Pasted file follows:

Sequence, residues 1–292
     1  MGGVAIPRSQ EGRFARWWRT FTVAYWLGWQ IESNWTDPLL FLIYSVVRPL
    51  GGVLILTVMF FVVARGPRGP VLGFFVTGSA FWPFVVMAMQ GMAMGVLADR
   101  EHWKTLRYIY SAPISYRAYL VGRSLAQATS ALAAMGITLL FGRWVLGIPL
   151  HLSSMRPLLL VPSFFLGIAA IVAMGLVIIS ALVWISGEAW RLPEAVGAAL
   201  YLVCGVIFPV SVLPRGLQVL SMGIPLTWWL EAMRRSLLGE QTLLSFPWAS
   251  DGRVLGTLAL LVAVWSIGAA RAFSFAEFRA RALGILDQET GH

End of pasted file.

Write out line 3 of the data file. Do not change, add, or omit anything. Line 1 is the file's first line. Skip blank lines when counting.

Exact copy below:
    51  GGVLILTVMF FVVARGPRGP VLGFFVTGSA FWPFVVMAMQ GMAMGVLADR